At this moment, so particular in the execution of this nice design, a bullet suddenly struck down the man at the wheel. Hearing the sharp outcry, our Harry turned to see him fall forward, and then to his hands and knees upon the deck, the blood running in a black pool beneath him, while the wheel, escaping from his hands, spun over until the spokes were all of a mist.

In a moment the ship would have fallen off before the wind had not our hero, leaping to the wheel (even as Captain Morgan shouted an order for some one to do so), seized the flying spokes, whirling them back again, and so bringing the bow of the galleon up to its former course.

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In the first moment of this effort he had reckoned of nothing but of carrying out his captain’s designs. He neither thought of cannon balls nor of bullets. But now that his task was accomplished, he came suddenly back to himself to find the galleries of the galley aflame with musket shots, and to become aware with a most horrible sinking of the spirits that all the shots therefrom were intended for him. He cast his eyes about him with despair, but no one came to ease him of his task, which, having undertaken, he had too much spirit to resign from carrying through to the end, though he was well aware that the very next instant might mean his sudden and violent death. His ears hummed and rang, and his brain swam as light as a feather. I know not whether he breathed, but he shut his eyes tight as though that might save him from the bullets that were raining about him.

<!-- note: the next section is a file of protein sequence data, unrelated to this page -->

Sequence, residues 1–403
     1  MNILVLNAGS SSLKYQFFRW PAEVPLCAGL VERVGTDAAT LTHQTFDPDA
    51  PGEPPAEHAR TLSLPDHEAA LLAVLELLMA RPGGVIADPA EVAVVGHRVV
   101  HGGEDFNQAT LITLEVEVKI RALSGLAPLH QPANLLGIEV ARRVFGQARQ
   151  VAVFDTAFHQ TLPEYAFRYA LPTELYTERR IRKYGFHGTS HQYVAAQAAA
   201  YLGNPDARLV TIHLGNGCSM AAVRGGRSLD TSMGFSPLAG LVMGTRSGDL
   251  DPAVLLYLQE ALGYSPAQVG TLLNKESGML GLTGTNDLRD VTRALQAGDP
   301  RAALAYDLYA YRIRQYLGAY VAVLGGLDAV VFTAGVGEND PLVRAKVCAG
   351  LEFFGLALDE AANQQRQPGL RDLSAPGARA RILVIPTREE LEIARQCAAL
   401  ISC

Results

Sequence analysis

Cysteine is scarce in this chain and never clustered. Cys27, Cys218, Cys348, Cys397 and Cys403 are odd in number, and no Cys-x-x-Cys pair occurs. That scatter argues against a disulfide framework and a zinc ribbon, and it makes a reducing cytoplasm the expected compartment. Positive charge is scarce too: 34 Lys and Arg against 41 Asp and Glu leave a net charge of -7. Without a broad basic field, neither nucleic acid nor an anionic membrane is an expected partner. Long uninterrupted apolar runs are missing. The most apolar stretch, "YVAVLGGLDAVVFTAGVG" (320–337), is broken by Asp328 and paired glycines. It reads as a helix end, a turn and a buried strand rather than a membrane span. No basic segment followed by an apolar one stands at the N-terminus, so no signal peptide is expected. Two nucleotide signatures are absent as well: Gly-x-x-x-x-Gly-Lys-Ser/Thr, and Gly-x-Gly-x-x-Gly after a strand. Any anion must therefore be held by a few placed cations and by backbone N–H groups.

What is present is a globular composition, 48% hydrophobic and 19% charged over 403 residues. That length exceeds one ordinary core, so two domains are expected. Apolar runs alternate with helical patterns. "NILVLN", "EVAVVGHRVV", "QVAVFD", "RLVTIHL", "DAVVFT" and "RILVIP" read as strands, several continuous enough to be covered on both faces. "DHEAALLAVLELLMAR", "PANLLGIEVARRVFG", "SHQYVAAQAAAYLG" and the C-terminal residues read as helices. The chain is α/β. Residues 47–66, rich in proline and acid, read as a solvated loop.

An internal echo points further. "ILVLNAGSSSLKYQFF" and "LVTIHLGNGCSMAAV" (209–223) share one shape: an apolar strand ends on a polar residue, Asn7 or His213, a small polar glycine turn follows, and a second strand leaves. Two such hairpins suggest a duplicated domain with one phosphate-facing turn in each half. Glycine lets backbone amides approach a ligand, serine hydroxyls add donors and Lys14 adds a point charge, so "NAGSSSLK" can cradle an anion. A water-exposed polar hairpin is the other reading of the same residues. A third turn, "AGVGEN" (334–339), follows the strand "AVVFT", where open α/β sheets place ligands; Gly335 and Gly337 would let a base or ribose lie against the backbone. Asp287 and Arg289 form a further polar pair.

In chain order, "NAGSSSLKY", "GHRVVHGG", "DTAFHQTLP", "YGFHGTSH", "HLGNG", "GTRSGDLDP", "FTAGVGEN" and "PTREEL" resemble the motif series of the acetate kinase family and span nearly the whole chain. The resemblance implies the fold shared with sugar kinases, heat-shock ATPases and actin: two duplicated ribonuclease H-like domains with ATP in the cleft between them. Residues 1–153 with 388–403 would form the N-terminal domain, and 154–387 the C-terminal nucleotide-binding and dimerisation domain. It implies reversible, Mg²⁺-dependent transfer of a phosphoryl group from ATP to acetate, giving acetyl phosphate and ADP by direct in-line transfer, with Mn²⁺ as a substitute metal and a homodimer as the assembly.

At this moment the Spaniards must have discovered for the first time the pirates’ design, for of a sudden they ceased firing, and began to shout out a multitude of orders, while the oars lashed the water all about with a foam. But it was too late then for them to escape, for within a couple of seconds the galleon struck her enemy a blow so violent upon the larboard quarter as nearly to hurl our Harry upon the deck, and then with a dreadful, horrible crackling of wood, commingled with a yelling of men’s voices, the galley was swung around upon her side, and the galleon, sailing into the open sea, left nothing of her immediate enemy but a sinking wreck, and the water dotted all over with bobbing heads and waving hands in the moonlight.

And now, indeed, that all danger was past and gone, there were plenty to come running to help our hero at the wheel. As for Captain Morgan, having come down upon the main deck, he fetches the young helmsman a clap upon the back. “Well, Master Harry,” says he, “and did I not tell you I would make a man of you?” Whereat our poor Harry fell a-laughing, but with a sad catch in his voice, for his hands trembled as with an ague, and were as cold as ice. As for his emotions, God knows he was nearer crying than laughing, if Captain Morgan had but known it.

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Nevertheless, though undertaken under the spur of the moment, I protest it was indeed a brave deed, and I cannot but wonder how many young gentlemen of sixteen there are to-day who, upon a like occasion, would act as well as our Harry.